About the Project
G protein coupled receptors (GPCRs) are involved in a large number of the body’s signalling pathways. Evidence is accumulating that demonstrates that drugs targeting GPCRs activate multiple separate desirable and undesirable signalling pathways that mediate their pharmacological effects, reducing the efficacy of the therapy and increasing undesirable side effects. Our hypothesis is that it is necessary to understand the molecular basis of drug action in GPCRs in order to efficiently and rationally design better molecules with biased signalling profiles that promote favourable outcomes and do not trigger negative ones. We propose that a combination of unique experimental data and modern machine learning approaches provide a high potential route to developing this understanding.
We will develop state-of-the art AI and machine learning techniques to elucidate the mechanisms of drug action in GPCRs, using unique data from Veprintsev’s high-throughput alanine scanning mutagenesis technique to study the role that individual residues in GPCRs play in signalling pathways in response to different ligands (Sun et al 2015). This has been used to discover a universal allosteric mechanism for a specific pathway (Flock et al, 2015) and recent work has identified the molecular basis of biased signaling by a GPCR vasopressin receptor by profiling a library of 400 alanine mutants and generating 12000 concentration-response activation curves, measuring the activation of all classes of G proteins and arrestins. We showed how individual mutations induce bias towards specific signaling pathways, and proposed specific states that explain the origin of this.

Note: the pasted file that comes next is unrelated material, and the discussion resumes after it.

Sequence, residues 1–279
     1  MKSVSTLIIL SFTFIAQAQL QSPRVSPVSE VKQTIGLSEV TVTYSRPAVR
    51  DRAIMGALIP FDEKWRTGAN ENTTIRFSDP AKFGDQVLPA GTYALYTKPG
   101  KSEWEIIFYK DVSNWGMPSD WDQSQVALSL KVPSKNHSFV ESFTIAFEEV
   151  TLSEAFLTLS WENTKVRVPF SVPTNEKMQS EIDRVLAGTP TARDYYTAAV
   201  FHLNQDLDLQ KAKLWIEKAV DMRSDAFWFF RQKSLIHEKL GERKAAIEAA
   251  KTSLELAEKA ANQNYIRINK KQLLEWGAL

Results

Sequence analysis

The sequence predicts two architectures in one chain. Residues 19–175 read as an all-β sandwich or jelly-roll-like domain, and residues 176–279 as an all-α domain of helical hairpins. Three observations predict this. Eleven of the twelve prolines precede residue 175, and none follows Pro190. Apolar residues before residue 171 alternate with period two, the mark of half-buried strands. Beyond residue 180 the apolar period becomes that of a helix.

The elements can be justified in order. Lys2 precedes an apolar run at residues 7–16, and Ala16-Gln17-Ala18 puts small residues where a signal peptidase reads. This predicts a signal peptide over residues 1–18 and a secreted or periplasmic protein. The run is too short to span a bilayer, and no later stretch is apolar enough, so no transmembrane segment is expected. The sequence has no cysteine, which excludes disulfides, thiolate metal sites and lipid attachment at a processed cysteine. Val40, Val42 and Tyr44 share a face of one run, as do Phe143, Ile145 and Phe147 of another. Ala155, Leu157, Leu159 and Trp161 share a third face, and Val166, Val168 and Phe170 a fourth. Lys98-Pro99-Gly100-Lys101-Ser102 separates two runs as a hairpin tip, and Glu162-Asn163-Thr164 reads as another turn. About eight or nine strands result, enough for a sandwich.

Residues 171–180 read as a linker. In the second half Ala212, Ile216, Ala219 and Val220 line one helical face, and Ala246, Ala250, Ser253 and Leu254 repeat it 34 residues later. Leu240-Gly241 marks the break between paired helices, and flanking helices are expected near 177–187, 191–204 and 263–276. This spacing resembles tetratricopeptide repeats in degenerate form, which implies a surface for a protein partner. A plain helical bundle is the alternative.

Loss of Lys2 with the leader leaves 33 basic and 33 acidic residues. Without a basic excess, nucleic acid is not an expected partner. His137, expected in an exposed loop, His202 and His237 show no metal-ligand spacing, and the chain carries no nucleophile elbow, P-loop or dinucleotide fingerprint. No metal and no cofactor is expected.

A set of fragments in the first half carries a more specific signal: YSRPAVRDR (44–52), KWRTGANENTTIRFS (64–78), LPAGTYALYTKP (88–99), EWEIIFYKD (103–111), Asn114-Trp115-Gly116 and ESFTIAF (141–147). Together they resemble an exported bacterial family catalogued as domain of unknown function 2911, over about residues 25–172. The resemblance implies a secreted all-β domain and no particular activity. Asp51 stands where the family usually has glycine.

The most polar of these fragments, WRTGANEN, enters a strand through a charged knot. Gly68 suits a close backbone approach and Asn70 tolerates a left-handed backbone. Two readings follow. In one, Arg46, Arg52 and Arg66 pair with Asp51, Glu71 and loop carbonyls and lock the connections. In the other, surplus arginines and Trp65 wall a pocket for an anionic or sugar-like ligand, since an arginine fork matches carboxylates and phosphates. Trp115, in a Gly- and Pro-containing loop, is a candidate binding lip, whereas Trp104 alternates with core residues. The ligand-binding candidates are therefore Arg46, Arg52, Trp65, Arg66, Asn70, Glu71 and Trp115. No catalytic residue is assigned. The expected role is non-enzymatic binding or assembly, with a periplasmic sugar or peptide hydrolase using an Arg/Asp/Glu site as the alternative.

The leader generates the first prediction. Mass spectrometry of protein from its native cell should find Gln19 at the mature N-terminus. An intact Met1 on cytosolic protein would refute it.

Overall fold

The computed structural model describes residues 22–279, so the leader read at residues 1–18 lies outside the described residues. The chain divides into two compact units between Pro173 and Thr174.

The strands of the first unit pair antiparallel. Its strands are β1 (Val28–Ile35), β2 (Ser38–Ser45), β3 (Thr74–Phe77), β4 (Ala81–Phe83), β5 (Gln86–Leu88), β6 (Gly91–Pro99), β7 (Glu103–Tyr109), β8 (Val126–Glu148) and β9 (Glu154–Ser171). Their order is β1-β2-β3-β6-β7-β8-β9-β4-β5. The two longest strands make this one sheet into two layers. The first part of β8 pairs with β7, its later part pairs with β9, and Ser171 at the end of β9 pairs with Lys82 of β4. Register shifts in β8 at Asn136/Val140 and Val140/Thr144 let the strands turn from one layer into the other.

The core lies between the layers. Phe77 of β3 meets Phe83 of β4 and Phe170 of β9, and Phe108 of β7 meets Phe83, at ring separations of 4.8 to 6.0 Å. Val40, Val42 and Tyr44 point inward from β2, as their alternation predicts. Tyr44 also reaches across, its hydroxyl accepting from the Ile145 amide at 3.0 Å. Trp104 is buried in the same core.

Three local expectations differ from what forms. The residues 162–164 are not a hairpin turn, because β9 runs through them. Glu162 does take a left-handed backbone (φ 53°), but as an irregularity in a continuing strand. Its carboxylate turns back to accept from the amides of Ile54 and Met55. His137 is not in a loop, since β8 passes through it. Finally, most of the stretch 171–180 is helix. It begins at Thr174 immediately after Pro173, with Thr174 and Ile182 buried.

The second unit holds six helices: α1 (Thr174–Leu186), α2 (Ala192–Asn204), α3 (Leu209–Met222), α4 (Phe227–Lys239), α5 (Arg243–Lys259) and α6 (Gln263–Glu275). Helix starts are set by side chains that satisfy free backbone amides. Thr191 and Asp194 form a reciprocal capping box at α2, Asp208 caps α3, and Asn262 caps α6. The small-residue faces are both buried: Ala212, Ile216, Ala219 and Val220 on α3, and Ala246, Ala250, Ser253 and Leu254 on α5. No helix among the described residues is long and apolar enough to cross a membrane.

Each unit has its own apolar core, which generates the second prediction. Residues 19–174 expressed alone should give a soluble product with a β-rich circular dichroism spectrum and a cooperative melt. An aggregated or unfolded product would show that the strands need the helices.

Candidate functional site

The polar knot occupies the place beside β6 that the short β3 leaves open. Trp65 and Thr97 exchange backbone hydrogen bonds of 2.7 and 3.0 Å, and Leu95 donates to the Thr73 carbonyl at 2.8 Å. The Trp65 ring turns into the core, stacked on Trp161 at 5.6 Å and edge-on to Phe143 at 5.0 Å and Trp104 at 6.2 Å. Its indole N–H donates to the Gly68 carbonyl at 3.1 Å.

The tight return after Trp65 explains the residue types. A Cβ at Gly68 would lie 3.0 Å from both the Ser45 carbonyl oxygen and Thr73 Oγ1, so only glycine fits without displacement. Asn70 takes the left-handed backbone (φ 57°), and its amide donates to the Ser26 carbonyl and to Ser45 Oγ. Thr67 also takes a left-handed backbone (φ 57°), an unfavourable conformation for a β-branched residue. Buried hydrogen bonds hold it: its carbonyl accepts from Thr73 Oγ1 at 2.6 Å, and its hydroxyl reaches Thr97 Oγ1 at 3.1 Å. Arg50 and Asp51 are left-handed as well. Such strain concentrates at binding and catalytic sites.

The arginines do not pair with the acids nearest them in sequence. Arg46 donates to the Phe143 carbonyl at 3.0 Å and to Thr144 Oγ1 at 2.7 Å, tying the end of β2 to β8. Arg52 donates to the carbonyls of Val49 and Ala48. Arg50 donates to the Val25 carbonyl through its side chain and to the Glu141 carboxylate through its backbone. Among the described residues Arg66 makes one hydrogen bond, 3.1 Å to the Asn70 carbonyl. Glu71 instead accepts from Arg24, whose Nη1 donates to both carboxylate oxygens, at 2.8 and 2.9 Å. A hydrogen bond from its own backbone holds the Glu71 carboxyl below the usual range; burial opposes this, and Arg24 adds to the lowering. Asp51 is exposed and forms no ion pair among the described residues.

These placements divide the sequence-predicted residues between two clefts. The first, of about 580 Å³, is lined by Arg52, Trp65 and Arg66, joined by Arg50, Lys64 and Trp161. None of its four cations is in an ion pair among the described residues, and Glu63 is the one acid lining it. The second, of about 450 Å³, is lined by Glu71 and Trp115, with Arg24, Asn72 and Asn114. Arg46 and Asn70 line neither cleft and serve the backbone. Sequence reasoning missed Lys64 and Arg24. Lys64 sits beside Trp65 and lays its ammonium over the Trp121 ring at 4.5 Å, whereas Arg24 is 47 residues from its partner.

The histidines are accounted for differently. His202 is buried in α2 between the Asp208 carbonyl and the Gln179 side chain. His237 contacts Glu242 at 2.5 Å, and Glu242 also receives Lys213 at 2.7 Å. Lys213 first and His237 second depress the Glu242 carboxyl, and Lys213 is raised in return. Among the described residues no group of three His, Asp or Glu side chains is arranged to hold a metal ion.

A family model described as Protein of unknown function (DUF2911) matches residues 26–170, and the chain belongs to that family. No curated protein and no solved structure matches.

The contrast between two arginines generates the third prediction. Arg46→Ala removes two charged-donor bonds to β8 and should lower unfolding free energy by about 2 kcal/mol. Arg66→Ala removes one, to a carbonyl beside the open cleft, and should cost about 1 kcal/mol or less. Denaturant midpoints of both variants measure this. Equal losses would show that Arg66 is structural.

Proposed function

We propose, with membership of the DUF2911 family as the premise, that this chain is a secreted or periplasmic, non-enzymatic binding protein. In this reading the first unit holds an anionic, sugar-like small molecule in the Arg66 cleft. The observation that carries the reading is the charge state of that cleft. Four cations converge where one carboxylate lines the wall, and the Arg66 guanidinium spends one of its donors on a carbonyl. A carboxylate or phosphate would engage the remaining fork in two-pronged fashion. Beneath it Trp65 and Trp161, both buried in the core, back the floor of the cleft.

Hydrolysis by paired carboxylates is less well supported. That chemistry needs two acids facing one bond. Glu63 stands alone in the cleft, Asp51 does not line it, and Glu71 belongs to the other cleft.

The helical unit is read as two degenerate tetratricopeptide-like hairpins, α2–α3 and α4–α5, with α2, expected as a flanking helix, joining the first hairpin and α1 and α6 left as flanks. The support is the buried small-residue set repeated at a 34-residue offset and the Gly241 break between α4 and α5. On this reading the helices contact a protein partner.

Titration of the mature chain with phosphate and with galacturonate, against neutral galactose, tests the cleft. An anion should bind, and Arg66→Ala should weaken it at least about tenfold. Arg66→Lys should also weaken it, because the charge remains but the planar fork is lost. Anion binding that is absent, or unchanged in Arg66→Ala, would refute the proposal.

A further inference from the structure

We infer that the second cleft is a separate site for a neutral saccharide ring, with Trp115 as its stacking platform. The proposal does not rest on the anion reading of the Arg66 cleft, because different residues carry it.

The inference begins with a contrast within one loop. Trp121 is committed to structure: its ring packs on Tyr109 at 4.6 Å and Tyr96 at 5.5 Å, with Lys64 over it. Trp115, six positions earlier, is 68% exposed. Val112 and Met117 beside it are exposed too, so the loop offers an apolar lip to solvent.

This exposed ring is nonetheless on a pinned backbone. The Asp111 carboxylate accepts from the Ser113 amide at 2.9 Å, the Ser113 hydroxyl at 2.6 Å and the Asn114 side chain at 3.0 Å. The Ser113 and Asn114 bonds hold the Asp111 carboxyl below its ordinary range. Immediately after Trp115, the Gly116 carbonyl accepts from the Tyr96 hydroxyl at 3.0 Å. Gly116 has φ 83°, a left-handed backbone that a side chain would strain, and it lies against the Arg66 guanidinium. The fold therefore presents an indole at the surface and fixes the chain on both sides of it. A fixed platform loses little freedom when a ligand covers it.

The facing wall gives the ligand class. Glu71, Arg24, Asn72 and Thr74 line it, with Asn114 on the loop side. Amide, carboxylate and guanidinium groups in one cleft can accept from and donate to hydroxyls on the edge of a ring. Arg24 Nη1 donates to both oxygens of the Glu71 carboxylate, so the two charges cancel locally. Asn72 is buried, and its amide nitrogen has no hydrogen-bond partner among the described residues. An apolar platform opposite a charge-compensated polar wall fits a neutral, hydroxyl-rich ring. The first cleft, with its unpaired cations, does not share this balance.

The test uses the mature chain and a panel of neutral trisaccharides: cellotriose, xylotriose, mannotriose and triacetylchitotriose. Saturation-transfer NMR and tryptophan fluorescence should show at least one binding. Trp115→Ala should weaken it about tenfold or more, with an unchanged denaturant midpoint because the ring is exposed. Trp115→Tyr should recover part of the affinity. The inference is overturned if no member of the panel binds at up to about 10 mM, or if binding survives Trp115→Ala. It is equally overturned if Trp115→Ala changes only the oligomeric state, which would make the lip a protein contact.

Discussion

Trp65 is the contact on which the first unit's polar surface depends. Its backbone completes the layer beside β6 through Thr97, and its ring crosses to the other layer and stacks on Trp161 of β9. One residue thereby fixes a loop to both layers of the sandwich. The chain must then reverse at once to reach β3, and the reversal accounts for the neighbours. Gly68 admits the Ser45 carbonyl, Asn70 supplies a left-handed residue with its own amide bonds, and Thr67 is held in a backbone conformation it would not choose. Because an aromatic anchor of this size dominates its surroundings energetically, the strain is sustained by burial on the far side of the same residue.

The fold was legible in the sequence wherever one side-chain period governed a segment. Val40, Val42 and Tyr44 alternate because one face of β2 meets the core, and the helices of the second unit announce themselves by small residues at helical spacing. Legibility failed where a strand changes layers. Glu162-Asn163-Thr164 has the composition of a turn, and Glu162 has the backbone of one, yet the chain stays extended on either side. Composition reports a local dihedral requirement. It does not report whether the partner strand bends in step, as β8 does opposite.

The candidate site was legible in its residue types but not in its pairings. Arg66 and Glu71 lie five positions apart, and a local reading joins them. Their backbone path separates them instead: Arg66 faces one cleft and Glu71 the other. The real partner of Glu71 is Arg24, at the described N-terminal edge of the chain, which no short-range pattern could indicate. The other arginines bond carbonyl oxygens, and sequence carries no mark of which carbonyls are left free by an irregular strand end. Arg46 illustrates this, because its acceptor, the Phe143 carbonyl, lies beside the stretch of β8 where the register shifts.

Elementary machine learning methods have been used to good effect in these studies, but are not sufficiently expressive to take advantage of the quantity of data available, or to incorporate existing knowledge of GPCR structure and function. We will develop novel machine learning approaches to model the complex relationships between the many interdependent variables, and incorporate our existing knowledge of receptor structure and function, and to predict the contribution of individual residues to signalling. We will incorporate structural information to enable the model to generalise and predict the contribution of residues to signalling in other receptors. Data from high-throughput screens of small molecular compound libraries will allow us to predict the action of a large range of drugs across a variety of GPCR classes.
Finally, we will investigate “inversion” of these models to predict a ligand that will give rise to a desired signalling profile. For this, modern approaches to generative modelling are likely to play a key role.
Applicants should have a strong background in mathematics and computation, and ideally a background in machine learning and an interest in biology. They should have a commitment to research in machine learning and hold or realistically expect to obtain at least an Upper Second Class Honours Degree in computer science, mathematics, physics, or a similar numerate discipline with a significant programming component.
2. Tilman Flock, Charles NJ Ravarani, Dawei Sun, Aiveliagaram J Venkatakrishnan, Melis Kayikci, Christopher G Tate, Dmitry B Veprintsev, M Madan Babu. Universal allosteric mechanism for Gα activation by GPCRs. Nature 524 (7564), 173 (2015)
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